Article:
Running may appear like a uncomplicated exercise to take up to increase your fitness. However, it is not quite as straightforward as it may seem with some scientific studies showing that up to three-quarters of runners experience an injury each year. Depending upon how serious that overuse injury is and how it is managed, many runners just give up and never continue to run. The causes of running injury are multifactorial however they are associated with issues for example doing too much running too quickly before letting your body to adapt to the increased degrees of running. Poor running shoes with characteristics which do not match up with those of the runners needs can be an issue. Troubles with foot biomechanics and the running technique could also be problems at increasing the chance for an injury.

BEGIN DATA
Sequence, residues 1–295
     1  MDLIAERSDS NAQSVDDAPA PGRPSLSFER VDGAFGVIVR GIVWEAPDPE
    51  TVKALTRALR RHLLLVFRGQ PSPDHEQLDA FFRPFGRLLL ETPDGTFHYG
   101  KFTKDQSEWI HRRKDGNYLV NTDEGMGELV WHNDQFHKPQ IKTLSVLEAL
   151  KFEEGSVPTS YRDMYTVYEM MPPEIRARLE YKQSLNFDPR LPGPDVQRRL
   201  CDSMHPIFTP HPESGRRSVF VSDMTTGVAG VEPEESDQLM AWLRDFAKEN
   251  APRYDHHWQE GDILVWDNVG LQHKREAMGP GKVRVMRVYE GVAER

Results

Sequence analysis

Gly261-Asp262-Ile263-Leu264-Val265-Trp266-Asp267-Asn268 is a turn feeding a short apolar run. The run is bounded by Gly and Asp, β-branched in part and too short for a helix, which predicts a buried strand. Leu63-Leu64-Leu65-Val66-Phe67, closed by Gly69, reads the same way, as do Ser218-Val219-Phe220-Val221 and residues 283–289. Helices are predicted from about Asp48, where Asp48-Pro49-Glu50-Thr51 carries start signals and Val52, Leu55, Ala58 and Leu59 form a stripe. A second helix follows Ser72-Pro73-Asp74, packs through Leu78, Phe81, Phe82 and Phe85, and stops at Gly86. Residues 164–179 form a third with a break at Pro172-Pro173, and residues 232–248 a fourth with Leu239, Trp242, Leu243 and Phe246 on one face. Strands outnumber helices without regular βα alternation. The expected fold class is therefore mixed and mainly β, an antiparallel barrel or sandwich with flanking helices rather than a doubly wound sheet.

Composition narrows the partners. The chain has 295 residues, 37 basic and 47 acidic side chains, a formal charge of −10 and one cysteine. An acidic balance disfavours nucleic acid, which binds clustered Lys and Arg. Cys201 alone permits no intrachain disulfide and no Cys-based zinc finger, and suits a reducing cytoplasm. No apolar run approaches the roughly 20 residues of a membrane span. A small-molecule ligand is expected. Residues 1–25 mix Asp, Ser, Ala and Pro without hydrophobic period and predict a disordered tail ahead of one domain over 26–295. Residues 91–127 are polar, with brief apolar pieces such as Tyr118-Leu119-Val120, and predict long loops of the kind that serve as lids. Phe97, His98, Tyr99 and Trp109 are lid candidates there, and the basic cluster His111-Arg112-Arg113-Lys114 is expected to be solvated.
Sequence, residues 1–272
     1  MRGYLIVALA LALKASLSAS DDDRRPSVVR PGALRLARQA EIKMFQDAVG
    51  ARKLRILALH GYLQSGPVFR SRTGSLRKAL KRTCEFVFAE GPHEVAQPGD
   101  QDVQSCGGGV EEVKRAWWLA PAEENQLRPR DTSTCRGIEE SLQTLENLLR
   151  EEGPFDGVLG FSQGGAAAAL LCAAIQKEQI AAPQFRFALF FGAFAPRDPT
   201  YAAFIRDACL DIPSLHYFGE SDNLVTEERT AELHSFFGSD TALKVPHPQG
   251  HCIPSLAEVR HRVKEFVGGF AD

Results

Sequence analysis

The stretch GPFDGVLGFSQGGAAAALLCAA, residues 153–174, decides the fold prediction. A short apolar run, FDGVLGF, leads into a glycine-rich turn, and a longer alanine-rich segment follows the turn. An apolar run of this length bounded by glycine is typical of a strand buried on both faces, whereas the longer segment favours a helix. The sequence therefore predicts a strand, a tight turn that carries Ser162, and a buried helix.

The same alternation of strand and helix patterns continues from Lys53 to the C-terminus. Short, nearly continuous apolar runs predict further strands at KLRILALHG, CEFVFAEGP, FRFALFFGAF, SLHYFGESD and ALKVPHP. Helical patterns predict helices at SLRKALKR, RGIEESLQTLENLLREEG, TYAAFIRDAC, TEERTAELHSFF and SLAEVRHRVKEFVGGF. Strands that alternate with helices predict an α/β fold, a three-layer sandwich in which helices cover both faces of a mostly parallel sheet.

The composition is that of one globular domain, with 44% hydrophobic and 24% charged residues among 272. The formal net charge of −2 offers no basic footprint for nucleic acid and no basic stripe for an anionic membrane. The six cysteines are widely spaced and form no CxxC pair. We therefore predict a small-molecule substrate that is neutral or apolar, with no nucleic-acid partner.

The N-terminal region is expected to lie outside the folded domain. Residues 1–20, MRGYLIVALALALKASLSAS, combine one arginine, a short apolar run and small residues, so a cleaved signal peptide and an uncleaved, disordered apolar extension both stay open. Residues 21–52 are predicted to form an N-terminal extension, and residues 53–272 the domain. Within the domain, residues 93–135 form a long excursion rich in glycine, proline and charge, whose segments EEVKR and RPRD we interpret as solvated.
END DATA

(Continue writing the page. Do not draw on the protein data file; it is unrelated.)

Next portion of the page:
A good example of a running injury is anterior compartment syndrome. There is fibrous fascia surrounding muscles that contain the muscles in place. In the event that fascia is tight, once we exercise the muscle would like to expand but that restricted fascia prevents it. That pressure inside the fascia compartment is usually painful. In anterior compartment syndrome, this involves the muscles that are on front of the leg. The most common reason behind this problem is what is known as overstriding. In this the runner is striking the ground with their leading leg too far in front of the body. To lower the foot to the ground, the anterior leg muscles need to work harder. As they work harder, the muscles expand and if the fascia doesn't allow it, then this results in being painful. It will only be painful when running and won't be painful when not running. The easiest method to deal with anterior compartment syndrome to use approaches for the runner to shorten their stride length so that the front foot isn't going to contact the ground too far ahead of the body when running.